May 21, 2009

Not defunct, not yet: and afterthoughts on some basics for a repository’s early-days development

Filed under: Uncategorized — Neil Godfrey @ 9:26 pm

Hoo boy. I’ve been away from blogging here for so long I feel embarrassed to return. Glad to see that my posts from my previous life apparently continue to be of some use to others. I’m in such a totally different world now, however, that I wonder if my ongoing experiences will relate to many in the areas I’m most used to — building repositories in academic environments. Will see . . . . Most of what I have been engrossed in has been constructing application profiles and crosswalks for specialist types of resources (e.g. gi-normous datasets of newspaper articles, national heritage buildings, et al) and preparing Singapore Framework RDF based profiles and team management and education programs, and advising for anything from improved tools and workflows to semantic web directions, social tagging applications and a KOS (knowledge organisation system). Challenging stuff, not least the politics of it all. And cultural factors need negotiation, too.

Maybe I should start new posts here with a few more basics, like some implications of RDA changes for DC based schema or application profiles.

Building supports

I keep thinking of one thing I never got to discuss here, and that I regretted not staying long enough at my last university library to see through as far as I had wanted. That is the primary need for building institutional support for a repository that is expected to last the long haul.

Even in a more established setup where I am now the critical importance of this factor is all too obvious and all too easily relegated to secondary efforts. At the university where I was last year, as soon as we had sorted out the basics of our repository software (that is, actually got it working, well almost) and had something to show, the first priority was to invite and involve academic representatives from the different faculties (zeroing in on those few — even one if that’s all there is — with a real personal interest in the OA project), reps from the research reporting/admin department, and from the university governing bodies, and especially a key person from the IT support section. And some librarian liaisons, too.

At our first meeting we demonstrated what was being done, presented the benefits, some of the handicaps we faced, and asked for support — with inputs from these stakeholders into policy and objectives of the repository. As well as ongoing monitoring and finetuning of these policies and detailed objectives , with a view to the repository thus becoming an integral part of the larger institution’s self-identity, its face to the world, its internal workflows and consciousness.

And getting first things first

Project planning sounds like an obvious need, but I’ve seen places where it is only given slipshod attention, and I’ve also seen the very sticky consequences of that neglect. Not that the personnel involved are slack at all. They just have different talents and do what they do best. Hiring a project planner where this is the situation is a necessity, I think.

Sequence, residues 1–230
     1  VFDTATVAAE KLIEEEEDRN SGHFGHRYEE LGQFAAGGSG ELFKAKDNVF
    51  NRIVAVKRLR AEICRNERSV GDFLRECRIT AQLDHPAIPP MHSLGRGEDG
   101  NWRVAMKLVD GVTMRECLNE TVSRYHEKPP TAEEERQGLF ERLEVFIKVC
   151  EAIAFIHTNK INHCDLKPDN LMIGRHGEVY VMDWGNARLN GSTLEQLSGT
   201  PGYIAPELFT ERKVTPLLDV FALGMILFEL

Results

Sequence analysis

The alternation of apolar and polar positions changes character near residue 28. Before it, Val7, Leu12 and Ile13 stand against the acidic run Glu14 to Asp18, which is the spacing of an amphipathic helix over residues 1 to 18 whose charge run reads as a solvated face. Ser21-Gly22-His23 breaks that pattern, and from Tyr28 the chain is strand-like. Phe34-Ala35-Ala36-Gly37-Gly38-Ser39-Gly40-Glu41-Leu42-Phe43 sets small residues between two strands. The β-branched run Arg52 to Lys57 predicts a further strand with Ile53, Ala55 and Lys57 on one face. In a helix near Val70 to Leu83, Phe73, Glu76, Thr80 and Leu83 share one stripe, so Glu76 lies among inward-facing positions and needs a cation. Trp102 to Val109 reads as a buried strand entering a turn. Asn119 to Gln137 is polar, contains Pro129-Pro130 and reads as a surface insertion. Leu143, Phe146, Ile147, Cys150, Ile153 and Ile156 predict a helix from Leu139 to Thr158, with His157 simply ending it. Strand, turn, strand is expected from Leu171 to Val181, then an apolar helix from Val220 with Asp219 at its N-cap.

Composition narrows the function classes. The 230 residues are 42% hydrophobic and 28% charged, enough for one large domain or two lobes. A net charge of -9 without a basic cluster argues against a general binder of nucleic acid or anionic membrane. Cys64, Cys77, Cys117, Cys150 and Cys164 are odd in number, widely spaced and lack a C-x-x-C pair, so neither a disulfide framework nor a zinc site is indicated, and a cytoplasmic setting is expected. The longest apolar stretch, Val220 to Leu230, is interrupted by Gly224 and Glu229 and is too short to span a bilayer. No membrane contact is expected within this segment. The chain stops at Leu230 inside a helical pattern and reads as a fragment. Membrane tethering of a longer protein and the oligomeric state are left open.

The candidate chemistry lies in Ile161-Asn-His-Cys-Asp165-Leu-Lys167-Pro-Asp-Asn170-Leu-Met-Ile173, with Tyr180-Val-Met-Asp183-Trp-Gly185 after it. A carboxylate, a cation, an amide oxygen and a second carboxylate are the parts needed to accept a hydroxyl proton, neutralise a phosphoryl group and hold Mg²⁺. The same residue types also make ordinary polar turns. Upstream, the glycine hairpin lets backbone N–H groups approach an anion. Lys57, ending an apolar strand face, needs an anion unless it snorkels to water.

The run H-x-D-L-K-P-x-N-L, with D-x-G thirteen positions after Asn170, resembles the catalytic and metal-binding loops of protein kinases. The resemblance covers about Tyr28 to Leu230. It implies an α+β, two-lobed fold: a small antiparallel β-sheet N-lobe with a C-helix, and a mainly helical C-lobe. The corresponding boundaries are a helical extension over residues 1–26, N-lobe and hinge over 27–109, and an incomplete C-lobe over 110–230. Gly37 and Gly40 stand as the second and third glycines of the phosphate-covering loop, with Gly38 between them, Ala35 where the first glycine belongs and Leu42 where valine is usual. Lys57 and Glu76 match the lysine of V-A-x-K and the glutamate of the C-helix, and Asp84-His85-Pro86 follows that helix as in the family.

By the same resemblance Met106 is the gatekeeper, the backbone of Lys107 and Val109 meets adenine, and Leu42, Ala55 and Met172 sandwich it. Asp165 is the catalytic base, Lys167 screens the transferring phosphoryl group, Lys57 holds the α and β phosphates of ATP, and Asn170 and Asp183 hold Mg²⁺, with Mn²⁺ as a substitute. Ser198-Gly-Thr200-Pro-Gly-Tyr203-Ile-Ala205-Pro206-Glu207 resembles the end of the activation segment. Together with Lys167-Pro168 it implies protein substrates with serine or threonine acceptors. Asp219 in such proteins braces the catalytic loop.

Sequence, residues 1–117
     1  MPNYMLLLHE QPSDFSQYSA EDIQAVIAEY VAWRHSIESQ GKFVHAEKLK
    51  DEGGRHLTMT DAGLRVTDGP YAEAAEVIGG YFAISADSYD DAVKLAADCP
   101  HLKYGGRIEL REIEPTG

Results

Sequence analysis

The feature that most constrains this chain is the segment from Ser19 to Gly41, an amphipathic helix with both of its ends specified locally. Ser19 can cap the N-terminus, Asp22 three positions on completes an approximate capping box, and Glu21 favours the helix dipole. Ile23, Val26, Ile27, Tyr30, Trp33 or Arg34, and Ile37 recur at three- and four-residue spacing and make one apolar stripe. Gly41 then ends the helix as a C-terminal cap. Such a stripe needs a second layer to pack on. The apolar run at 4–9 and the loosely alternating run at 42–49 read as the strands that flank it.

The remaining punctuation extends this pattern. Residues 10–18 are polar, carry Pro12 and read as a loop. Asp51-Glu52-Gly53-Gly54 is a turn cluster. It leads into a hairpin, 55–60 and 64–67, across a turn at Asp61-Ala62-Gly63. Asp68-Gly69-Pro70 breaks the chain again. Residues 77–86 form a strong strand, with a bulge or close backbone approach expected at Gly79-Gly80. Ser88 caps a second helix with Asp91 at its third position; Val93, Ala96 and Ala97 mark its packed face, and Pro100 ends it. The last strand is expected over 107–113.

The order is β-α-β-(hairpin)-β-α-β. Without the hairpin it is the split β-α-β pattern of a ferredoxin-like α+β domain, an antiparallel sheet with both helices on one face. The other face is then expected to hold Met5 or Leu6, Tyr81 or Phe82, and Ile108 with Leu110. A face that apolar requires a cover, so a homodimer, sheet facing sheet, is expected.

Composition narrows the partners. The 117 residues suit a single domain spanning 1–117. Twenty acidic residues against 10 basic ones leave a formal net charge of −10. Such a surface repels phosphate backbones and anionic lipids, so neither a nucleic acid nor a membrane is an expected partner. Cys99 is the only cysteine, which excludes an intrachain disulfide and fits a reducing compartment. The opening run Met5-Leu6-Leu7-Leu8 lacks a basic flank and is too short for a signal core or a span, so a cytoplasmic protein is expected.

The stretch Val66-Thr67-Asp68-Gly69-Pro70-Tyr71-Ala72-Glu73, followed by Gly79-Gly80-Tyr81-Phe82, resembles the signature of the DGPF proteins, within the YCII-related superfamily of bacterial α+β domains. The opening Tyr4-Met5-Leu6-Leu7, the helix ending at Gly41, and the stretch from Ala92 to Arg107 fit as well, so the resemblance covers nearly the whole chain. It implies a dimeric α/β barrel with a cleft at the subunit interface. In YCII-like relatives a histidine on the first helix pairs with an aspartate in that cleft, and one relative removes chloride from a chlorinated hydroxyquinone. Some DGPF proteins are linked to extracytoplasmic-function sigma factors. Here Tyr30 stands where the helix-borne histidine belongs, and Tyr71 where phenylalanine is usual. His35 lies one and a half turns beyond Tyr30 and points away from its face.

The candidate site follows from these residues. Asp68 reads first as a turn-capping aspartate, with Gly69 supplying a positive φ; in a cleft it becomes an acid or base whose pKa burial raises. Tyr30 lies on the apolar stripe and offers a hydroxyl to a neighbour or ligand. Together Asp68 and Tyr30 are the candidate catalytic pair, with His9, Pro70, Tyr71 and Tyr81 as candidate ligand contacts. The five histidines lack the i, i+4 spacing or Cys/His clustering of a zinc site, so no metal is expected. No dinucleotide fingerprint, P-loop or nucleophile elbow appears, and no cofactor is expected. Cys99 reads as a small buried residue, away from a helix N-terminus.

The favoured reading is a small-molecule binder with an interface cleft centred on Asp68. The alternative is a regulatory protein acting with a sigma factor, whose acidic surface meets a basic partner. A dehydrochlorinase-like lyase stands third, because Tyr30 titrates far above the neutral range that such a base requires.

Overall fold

And then the second basic requirement is planning and working in accordance with known standards and best practice. Forget radical innovation — at least until after the basics are established and there’s a bit of a track record with working with a “basic” repository and workflow setup.

It’s much easier to do the boring bits first and involve stakeholders in negotiation to clearly define ones “designated community” of users, and the purposes of the repository and how it will be used by whom.

By doing this “obvious” stuff first so many questions along the way will become easy to answer. One can spend an awful lot of time and expense trying to design workflows and architecture models and working out what metadata to include in what places, etc etc. But having established from the very get-go exactly who one’s user group/s are to be, how and for what purposes they are to use the repository, and general policies to set the direction and purposes of the whole show, the time and stress on working out many of those metadata and workflow/architecture basics will just fall into place. The guidelines will be there to make finding the answers relatively easy. Without those prepared-in-advance guidelines one will be pretty much be mostly guessing about what to do next, no matter how often one attempts to rationalize those guesses.

No wonder that the ISO standard, the preservation repository OAIS reference model, mandates that one first document one’s designated community, negotiate policies and purposes with stakeholders, and how and for whom/why the repository’s resources are to be used and preserved.

Many academic libraries have a huge advantage over some national or state libraries in the world. Those libraries that are constantly being starved for funds are pretty much forced to find ways to cooperate with peers, to share experiences and resources and ideas, and to make the most cost-effective decisions. Too much $$$ and one major incentive to cooperate and learn from others can wilt. Not good.